Book Review: Jeremy Lundmark’s “The Fury of God”

fury-of-god-cover-lundmarkPerhaps this book should have been titled, Why the Church Has Utterly Failed in Its Mission to Convert Itself. When Christ’s own church rejects what author Jeremy Lundmark refers to as “the fury of God,” they end up missing out on one of the most important attributes of God’s holy nature.1 Unfortunately, most Christians will skip over this title in search of other, softer Christian books promising greener pastures of success and well-being. With religious motivational titles being the undisputed bestsellers, one has to wonder whether Christians even care about God’s fury.

As Lundmark points out, there’s more in Scripture concerning God’s wrath and his judgment than there is about his grace.2 In fact, he makes the claim that nations who forget God’s wrath end up in decline — including America.3 It would have been favorable if he had elaborated on the concept of national judgment in greater detail. Most Christians are out of touch with this idea and view it as some relic of the past. However, acknowledgement must be given for his bold proclamation: “Would God judge the United States of America? The simple answer is, yes.”4

Lundmark also touches on the unity of God and his Son in relation to the concept of wrath. Many people have a tendency to separate the Father and the Son when it comes to judgment, but he makes a solid case for them being in agreement when it comes to their fury—not to mention he uses the authority of Scripture to support his claims. After reading his arguments, it becomes difficult for one to presume otherwise.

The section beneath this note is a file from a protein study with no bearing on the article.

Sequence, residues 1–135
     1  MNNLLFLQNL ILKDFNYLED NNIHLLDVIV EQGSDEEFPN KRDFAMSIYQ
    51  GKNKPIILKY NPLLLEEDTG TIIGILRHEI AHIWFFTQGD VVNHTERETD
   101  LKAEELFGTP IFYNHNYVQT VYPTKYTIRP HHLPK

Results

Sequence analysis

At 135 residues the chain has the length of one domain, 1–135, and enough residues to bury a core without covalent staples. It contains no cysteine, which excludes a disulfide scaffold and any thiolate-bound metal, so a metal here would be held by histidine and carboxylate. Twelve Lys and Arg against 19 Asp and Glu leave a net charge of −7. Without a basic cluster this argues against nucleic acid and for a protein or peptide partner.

Perhaps the most controversial aspect of his book comes when the case is made that natural disasters are a direct consequence of God’s fury. Some readers may take issue with this theological concept. But Lundmark continues to use the authority of Scripture to back his teaching and carefully challenges the reader to evaluate their own beliefs before writing him off. For Christians who think they may have a good understanding in this area, this chapter will certainly challenge some long-held views concerning God’s role in natural disasters.

One of the more remarkable chapters focuses on the Genesis account of the flood. In it, Lundmark vividly describes the shocking and grotesque reality of God’s judgment on mankind — enough so that even Darren Aronofsky’s film Noah might have benefited had they taken Lundmark’s insights into account.5 Notwithstanding, it is a chapter worth reading over and again to understand the magnitude of judgment leveled upon the world by an angry God.

Midway through the book, Lundmark veers off course from the main theme and discusses the subject of submission in relation to the church, marriage, and secular leadership. It is peculiar why a topic such as this was raised in a book about God’s fury when there is plenty more that could have been written about the main theme. Nevertheless, the content is solid and worth heeding. In fact, an entirely different book could have been written on the subject, which is why it seemed a bit incompatible in a title such as this.